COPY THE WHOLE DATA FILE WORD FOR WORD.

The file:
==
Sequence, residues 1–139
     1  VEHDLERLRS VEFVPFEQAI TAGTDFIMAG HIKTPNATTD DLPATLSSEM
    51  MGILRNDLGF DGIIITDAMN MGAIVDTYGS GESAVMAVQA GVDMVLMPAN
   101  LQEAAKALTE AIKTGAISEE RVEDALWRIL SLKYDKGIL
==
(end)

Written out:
Sequence, residues 1–139
     1  VEHDLERLRS VEFVPFEQAI TAGTDFIMAG HIKTPNATTD DLPATLSSEM
    51  MGILRNDLGF DGIIITDAMN MGAIVDTYGS GESAVMAVQA GVDMVLMPAN
   101  LQEAAKALTE AIKTGAISEE RVEDALWRIL SLKYDKGIL